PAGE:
Thursday, March 22, 2007
a Subterranean frame of mind.
Soundtrack of my life. Life today, that is.
Have you ever heard a song that reminds you of something that’s happened in your life? You say, Wow! I could’ve written this! .. then you add it to your MP3 player, listen to it all the time, get sick of it, then DELETE. Gone. ? I have. But that’s what I’ll be ranting about today.
Subterranean Homesick Blues. Need I say more?
Everyday when I drive somewhere, I listen to this song. It never gets old. It’s quite funny at first, doesn’t make much sense.
Please do check out the video; it’s priceless. http://mp.aol.com/video.index.adp?mxid=1400612&_AOLFORM=w708.h344.p7.R1
"[The song] was, in fact, an extraordinary three-way amalgam of Jack Kerouac, the Guthrie / Pete Seeger song "Taking It Easy" ('mom was in the kitchen preparing to eat/sis was in the pantry looking for some yeast') and the riffed-up rock'n'roll poetry of Chuck Berry's "Too Much Monkey Business".
""In addition to the song's influence on music, the song was used in what became one of the first "modern" music videos. Although Rolling Stone lists it as the 7th on their list of "100 Top Music Videos", the original "video" was actually the opening segment of D. A. Pennebaker's film, Dont Look Back (a documentary on Bob Dylan's first tour of England in 1965). In the film, Dylan holds up cue cards for the audience, with selected words and phrases from the lyrics. While staring at the camera, he flips the cards as the song plays. There are intentional misspellings and puns throughout the video, for instance when the song's lyrics say "eleven dollar bills" the poster says "20 dollars". The original video takes place in an alley behind The Savoy Hotel in London where poet Allen Ginsberg and guitarist Robbie Robertson make a cameo.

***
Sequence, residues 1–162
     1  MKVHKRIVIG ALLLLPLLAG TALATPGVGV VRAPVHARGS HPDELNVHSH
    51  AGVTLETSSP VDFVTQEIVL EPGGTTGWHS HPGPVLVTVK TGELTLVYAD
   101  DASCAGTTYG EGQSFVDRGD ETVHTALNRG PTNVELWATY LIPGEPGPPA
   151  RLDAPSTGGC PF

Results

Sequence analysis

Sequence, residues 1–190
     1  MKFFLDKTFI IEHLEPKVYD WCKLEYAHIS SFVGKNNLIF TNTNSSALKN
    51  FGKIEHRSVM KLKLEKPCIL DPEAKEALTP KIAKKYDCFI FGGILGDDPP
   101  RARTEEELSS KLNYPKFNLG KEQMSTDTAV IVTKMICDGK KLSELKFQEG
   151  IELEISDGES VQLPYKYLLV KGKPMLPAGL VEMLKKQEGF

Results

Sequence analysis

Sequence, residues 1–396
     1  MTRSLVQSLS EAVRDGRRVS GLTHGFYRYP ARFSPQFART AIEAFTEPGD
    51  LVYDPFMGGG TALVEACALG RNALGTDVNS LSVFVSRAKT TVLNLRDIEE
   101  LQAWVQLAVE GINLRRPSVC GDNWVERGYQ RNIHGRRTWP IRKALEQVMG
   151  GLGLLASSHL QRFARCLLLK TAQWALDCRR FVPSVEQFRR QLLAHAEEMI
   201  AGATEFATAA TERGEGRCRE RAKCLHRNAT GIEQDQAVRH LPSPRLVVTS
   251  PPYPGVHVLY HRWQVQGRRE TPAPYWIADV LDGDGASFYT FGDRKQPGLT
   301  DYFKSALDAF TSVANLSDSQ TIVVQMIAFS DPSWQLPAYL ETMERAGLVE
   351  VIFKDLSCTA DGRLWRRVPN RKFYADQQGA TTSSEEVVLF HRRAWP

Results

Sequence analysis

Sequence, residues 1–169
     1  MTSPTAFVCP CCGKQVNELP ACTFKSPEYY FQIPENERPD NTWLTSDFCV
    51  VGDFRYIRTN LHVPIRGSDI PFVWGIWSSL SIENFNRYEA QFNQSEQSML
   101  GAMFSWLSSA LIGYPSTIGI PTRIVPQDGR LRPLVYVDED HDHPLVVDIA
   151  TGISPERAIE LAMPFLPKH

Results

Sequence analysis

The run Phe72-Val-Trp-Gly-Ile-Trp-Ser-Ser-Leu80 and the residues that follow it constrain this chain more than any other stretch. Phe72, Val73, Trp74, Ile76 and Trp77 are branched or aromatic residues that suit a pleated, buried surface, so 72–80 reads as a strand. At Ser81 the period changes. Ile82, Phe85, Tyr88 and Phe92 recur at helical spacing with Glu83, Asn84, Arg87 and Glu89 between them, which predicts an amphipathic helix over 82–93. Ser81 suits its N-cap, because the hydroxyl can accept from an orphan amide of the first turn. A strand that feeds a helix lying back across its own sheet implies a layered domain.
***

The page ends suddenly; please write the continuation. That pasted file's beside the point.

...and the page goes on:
In addition to the Savoy Hotel video, two alternate videos were shot: one in a park where Dylan, Robertson and Ginsberg are joined by a fourth man, and another shot on the roof of an unknown building (possibly the Savoy Hotel). A montage of the videos can be seen in the documentary No Direction Home.""